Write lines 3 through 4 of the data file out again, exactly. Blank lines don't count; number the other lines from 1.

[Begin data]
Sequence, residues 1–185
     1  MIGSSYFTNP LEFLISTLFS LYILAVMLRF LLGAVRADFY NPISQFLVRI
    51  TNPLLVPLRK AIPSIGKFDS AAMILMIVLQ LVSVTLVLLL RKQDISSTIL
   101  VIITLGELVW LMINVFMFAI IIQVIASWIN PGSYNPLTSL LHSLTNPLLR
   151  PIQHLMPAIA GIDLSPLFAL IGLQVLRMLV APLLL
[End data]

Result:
    51  TNPLLVPLRK AIPSIGKFDS AAMILMIVLQ LVSVTLVLLL RKQDISSTIL
   101  VIITLGELVW LMINVFMFAI IIQVIASWIN PGSYNPLTSL LHSLTNPLLR